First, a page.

Tokyo 5D/Kawasaki


Rosters show the following North China Marines at this camp.  They were transferred from Kiangwan in August of 1943.  This camp was closed in June of 1945 due to the fire bombings of Tokyo and the men transferred elsewhere. Niigata and Naoetsu seem to have been two camps many of the North China Marines were sent to at that time. 

John Beavers, Harold P Brown, Morris Carson, Howard Chittenden, Irv Engler, Walter Freiberger, Ralph Goudy, James Hinkle, Raymond Lease, Eugene Litz, Charles Ludlow, Ronald McMahon, George McShane, Lloyd Parrish, Marvin Ramsey, James Somers, Frank Stockton, Matt Stohlman, William Harold Thomas, and Leslie Troth.

(This camp was originally established in May of 43 with POWs who were apparently from the Philippines. Prisoners were used by the Nippon Steel Tube Company. Nine POWs died here, including Ralph Goudy and Raymond Lease.)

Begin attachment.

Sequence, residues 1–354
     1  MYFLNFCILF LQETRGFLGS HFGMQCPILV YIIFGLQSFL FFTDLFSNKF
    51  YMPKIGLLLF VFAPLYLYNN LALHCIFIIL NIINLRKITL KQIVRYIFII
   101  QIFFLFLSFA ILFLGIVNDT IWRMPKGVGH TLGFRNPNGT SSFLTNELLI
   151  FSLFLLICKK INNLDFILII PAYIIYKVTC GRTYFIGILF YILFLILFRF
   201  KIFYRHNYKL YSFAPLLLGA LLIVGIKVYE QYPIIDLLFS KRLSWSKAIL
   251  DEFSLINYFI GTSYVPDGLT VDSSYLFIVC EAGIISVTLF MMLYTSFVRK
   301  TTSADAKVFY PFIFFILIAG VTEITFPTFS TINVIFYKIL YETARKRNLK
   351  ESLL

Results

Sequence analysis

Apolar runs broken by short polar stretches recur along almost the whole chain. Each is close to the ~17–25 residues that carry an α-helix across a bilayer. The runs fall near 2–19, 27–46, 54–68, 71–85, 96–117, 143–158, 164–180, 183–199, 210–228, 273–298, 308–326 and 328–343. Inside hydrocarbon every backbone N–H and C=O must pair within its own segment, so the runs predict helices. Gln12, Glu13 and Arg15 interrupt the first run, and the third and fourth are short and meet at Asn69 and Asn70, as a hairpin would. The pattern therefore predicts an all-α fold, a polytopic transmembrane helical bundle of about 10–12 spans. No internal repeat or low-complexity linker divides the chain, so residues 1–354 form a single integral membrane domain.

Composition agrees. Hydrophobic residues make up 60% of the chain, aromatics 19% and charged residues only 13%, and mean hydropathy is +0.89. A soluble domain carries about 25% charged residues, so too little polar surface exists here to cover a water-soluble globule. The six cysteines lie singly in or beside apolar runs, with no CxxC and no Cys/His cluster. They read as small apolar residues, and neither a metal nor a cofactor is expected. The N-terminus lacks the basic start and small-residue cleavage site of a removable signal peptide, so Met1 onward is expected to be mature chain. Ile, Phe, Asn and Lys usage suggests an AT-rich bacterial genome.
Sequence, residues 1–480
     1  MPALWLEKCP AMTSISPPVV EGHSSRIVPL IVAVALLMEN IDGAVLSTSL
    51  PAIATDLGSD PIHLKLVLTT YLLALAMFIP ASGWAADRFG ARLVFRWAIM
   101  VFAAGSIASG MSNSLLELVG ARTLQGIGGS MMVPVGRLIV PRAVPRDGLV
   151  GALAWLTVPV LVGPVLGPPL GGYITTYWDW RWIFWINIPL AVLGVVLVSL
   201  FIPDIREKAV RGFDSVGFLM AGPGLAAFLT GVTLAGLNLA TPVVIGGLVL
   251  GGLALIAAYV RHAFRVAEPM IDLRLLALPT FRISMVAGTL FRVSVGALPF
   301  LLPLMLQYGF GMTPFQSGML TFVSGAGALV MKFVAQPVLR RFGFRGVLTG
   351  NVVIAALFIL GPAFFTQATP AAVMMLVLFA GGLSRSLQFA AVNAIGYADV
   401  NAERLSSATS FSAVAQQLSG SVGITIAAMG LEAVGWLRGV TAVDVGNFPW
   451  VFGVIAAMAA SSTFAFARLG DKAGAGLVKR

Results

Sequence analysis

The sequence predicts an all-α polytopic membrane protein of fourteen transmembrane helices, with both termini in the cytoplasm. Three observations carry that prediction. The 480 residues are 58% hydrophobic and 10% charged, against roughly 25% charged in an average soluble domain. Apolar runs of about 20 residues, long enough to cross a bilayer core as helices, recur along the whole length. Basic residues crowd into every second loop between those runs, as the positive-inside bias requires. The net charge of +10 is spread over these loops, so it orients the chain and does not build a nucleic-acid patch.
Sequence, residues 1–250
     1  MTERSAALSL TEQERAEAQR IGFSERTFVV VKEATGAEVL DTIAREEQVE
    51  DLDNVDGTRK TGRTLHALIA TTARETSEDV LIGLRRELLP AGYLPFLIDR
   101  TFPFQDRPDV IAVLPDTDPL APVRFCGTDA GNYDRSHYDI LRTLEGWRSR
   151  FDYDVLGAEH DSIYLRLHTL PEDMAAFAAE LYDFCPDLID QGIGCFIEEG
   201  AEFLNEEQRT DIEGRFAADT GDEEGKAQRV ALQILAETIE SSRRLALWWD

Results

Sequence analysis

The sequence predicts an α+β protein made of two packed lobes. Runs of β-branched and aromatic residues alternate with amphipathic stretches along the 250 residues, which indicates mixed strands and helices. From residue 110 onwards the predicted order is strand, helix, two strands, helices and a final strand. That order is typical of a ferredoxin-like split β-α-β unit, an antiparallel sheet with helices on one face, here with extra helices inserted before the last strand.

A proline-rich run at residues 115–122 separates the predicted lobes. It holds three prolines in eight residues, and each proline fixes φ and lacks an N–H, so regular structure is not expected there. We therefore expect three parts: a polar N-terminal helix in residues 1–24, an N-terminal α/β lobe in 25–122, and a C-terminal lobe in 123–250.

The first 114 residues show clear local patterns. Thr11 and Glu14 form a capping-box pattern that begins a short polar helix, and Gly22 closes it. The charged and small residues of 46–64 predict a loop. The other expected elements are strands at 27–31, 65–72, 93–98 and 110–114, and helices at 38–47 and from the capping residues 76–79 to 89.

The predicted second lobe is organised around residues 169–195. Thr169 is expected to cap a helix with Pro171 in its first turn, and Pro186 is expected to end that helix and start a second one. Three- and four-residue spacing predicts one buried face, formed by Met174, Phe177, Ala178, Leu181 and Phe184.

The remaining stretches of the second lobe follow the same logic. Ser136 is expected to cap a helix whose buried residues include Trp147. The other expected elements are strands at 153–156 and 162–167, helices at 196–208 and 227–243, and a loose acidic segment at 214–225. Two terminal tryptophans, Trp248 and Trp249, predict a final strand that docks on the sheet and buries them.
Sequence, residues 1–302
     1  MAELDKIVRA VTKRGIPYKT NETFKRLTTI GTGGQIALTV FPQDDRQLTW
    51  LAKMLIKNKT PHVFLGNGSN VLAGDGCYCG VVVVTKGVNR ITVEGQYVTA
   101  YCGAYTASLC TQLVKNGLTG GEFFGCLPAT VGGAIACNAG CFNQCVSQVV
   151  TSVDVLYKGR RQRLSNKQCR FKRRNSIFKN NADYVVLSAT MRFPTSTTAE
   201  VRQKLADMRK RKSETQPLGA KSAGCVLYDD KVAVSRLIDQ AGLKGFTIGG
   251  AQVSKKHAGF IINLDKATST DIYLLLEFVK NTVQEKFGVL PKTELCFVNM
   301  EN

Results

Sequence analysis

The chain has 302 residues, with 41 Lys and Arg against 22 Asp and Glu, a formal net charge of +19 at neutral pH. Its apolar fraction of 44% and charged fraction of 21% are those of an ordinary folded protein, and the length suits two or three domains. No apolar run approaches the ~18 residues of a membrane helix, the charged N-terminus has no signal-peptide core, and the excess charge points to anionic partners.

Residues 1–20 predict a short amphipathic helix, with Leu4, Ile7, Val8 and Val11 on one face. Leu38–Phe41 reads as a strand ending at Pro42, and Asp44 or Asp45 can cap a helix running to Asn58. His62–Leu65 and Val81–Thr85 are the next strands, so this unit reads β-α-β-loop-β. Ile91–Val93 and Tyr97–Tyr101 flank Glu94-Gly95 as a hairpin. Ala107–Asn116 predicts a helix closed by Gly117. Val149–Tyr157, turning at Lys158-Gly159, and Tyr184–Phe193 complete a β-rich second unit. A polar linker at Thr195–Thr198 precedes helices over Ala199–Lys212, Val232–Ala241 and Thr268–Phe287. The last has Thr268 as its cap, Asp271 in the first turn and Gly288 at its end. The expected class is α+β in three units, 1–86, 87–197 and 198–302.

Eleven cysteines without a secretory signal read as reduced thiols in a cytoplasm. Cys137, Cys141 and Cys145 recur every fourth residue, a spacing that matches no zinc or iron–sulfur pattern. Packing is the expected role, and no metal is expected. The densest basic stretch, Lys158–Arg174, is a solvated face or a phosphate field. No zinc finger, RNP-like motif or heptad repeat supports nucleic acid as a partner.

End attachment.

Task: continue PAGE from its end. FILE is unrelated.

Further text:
North China Marine Howard Chittenden's book From China Marine to Jap POW describes the camp as one of several in the Tokyo Bay area.  It was right across from the main gate of the Kawasaki steel mill.  The camp was surrounded by a seven-foot-high fence which contained about two acres and seven buildings.  The camp held 250 men.  The buildings had a five-foot center aisle and on both sides were the upper and lower sleeping areas, which seems to be the typical barracks layout in Japanese POW camps.  (If you go to the Fukuoka 3-B page you can see pictures of this kind of barracks.)The POWs were headed by MSgt Red Kovel from the Army Air Corps in the Philippines, assisted by Charlie Callahan.The Japanese commander was 2nd Lt Ishigi.  The senior enlisted man was Sgt Maj Kondo.  Chittenden describes him as "a hateful, bitter man" who delighted in striking the POWs.